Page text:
The Michigan Opera Theatre has a new artistic director: renowned opera director and MacArthur Fellowship recipient Yuval Sharon. He’s bringing his experimental approach to Detroit right from the start: his first project at the helm of the organization will be a condensed, drive-in staging of Richard Wagner’s Twilight of the Gods, set in a parking structure. Stateside spoke with Sharon, who is succeeding the theatre’s late founder David DiChiera, about his work and his hopes for how opera can evolve in the years to come.
Opera in Detroit
Sharon has done freelance work in cities throughout the world, but he says part of what made his time leading a company in Los Angeles rewarding was building connections with the city over time. He said that same desire for community connection is what drew him to Detroit.
“It’s not me just coming in, doing one project, and leaving, but actually making a sustained effort over the course of several years to truly interact with this community, and I hope the result is a situation in which the DNA of this organization really does evolve and become something that opera can take its place alongside Motown, jazz, and techno as part of the incredible musical legacy of this city,” Sharon said.
An unconventional approach to a traditional form
For Twilight: Gods, audience members will remain in their cars and drive through the Detroit Opera House parking center to experience the production. Sharon, who founded an opera company in Los Angeles called The Industry, said he likes to push the envelope and bring an experimental lens to revered opera classics.
“When I came to L.A. and said I want to start my own company for experimental operas, where we’re going to do operas in warehouses and train stations and moving cars and all of these kinds of things, everyone looked at me like I was crazy. And people still do. But little by little, more and more people have gotten the message and have jumped on the bandwagon,” Sharon said.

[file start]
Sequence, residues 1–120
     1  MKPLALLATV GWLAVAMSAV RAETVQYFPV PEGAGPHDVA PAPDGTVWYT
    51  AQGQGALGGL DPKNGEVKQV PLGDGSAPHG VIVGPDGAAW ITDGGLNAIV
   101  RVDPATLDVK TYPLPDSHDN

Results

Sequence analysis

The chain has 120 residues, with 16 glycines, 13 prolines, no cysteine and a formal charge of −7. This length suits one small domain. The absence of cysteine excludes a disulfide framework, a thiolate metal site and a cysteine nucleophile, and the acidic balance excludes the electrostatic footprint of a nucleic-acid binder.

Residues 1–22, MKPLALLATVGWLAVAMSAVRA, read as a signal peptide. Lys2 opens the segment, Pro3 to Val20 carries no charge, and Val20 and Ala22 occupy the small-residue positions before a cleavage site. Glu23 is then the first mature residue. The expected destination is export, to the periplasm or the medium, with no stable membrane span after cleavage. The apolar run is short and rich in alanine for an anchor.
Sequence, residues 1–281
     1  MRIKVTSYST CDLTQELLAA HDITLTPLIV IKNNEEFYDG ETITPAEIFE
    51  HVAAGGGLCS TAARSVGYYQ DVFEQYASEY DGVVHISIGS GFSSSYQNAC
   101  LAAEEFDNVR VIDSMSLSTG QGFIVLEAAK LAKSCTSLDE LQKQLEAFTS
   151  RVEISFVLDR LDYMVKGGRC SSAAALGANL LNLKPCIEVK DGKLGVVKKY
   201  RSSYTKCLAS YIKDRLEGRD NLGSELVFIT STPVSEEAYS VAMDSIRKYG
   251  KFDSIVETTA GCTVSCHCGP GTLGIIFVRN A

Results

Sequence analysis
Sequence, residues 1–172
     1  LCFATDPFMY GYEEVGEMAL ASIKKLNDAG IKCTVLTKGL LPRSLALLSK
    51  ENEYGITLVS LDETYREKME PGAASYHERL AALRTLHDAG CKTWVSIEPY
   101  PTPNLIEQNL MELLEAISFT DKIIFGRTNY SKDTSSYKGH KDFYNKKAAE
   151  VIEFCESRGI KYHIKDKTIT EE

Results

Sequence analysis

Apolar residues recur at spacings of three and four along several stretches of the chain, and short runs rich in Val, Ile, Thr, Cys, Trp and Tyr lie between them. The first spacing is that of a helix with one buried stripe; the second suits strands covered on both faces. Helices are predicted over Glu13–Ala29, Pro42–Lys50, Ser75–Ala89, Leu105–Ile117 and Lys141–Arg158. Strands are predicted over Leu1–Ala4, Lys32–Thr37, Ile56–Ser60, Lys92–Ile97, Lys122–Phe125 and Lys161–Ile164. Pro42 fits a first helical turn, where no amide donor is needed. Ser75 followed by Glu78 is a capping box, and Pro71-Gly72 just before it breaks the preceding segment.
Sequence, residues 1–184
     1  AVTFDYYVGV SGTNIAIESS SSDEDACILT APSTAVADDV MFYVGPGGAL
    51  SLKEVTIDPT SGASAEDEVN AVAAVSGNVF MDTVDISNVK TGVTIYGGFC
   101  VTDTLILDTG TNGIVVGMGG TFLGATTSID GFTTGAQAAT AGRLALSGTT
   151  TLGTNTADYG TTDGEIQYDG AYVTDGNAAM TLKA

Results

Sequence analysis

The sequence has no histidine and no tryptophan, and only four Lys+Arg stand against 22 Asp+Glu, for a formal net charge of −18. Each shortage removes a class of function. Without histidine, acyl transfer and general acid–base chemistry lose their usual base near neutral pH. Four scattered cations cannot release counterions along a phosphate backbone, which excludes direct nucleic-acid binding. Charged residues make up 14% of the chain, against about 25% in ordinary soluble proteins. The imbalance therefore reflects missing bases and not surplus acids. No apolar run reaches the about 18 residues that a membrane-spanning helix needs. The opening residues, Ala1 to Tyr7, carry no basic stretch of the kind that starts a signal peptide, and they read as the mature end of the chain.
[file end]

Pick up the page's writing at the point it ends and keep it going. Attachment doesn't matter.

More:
A director’s role
Sharon said the first time he started to consider a stage director’s power to bring an opera to life was when he saw a production of the opera Wozzeck by Alban Berg in San Francisco. He'd listened to the cast recording in advance and was enthralled. But the actual performance, he said, fell short of what the music had already sparked in his imagination.
“The music was performed beautifully, but the presentation of it, the language onstage, the acting, the stagecraft – all of those things just did not feel like they were at the same level as the music or the text ," Sharon explained. "And that’s when I started to think I wonder what would happen if you started to think about these operas the way that we think about theatrical pieces, and the role that a theater director plays in truly electrifying the work and making an electric connection between the stage and the audience."
Many sectors of American society – as well as its institutions – are navigating significant changes right now, from the COVID-19 pandemic’s effects to calls for action to address racial inequity and injustice. As performing arts venues consider what a return to in-person gatherings could look like, Sharon said the world of opera will have to evolve to survive.
“It will really have to look and feel and sound different after we can come back in the theater, otherwise it will risk feeling kind of irrelevant and outdated. And I don’t believe that’s the case with opera, but I think we have to make a very strong case now for it, because otherwise I don’t see how it’s going to make it,” Sharon said.
Twilight: Gods, a condensed production of Wagner’s Twilight of the Gods conceived and directed by Yuval Sharon, will be performed in the Detroit Opera House Parking Center October 17-20. It will feature soprano Christine Goerke and poetry from Detroit writer Marsha Music.
Support for arts and culture coverage comes in part from the Michigan Council for Arts and Cultural Affairs.
This post was written by Stateside production assistant Nell Ovitt.